This was improved even further by another American invention -- the perfection of the marshmallow making process:

Alex Doumak, of Doumak, Inc., patented a new manufacturing method called the extrusion process. This invention changed the history of marshmallow production and is still used today. It now only takes 60 minutes to produce a marshmallow. --

This invention brought inexpensive and uniformly sized marshmallows to the mass of new middle-class families that surged during the post-war boom. The uniformity in size was key, since it allowed one to measure marshmallow content without resorting to clumsy weighing techniques -- simply count out your 40 marshmallows. Parents could even use this as a teaching game for their children.

Traditionally, recipes were things shared between generations, passed on from parents to children, or occasionally published in local papers so as to create a kind of local identity. The Rice Krispie Treat forged new ground here as well:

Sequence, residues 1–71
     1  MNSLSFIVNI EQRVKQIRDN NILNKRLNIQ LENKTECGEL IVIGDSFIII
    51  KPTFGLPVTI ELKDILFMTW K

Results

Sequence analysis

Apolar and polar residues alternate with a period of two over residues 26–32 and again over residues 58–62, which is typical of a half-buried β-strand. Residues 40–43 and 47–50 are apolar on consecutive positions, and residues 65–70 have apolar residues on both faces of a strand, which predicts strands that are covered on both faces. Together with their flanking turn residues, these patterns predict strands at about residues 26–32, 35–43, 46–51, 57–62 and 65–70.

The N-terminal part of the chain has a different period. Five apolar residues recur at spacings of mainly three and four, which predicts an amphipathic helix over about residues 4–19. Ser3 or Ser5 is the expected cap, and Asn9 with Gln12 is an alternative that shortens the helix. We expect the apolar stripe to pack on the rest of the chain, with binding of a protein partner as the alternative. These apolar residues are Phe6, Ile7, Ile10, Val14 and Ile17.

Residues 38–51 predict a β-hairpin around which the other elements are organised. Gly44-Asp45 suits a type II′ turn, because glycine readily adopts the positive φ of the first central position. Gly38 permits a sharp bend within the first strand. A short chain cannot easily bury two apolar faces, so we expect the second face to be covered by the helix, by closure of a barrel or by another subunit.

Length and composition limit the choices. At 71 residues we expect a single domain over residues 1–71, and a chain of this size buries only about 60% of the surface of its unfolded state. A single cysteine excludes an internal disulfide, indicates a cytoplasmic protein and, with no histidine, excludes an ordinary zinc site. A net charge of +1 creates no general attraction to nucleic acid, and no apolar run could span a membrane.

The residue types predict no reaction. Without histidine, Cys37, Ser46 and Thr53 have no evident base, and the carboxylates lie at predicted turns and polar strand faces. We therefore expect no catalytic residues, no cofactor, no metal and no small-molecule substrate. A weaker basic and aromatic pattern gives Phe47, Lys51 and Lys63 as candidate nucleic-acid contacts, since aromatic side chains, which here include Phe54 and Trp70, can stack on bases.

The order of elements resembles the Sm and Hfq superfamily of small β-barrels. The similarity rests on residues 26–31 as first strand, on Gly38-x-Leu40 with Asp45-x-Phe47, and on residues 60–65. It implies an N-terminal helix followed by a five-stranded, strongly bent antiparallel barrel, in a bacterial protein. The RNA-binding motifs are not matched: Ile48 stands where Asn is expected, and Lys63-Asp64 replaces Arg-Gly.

Starting in 1941 Kellogg put the recipe on their packaging. Here then was a dessert where the recipe was passed directly from Faceless Corporate Entity to private citizen, as a result of marketing inventions from another classic American contribution: Madison Avenue. Advertising may have always existed -- but it evolved into a super-powered mutant in the American ecosystem.

The final link in this chain between Corporate giant and hyperactive child was provided by so powerful an American symbol that Sid Meier's Civilization IV, Warlords Expansion, made the supermarket the American civilization's special building (technically, the American special building is a super-version of the supermarket, called the mall; but since they were both invented by America that just doubles up the significance of this icon to American culture). It was through supermarkets that we gained access to both the ingredients and instructions for making this confection.

To sum up:
  • Invented by a home ecs major from Iowa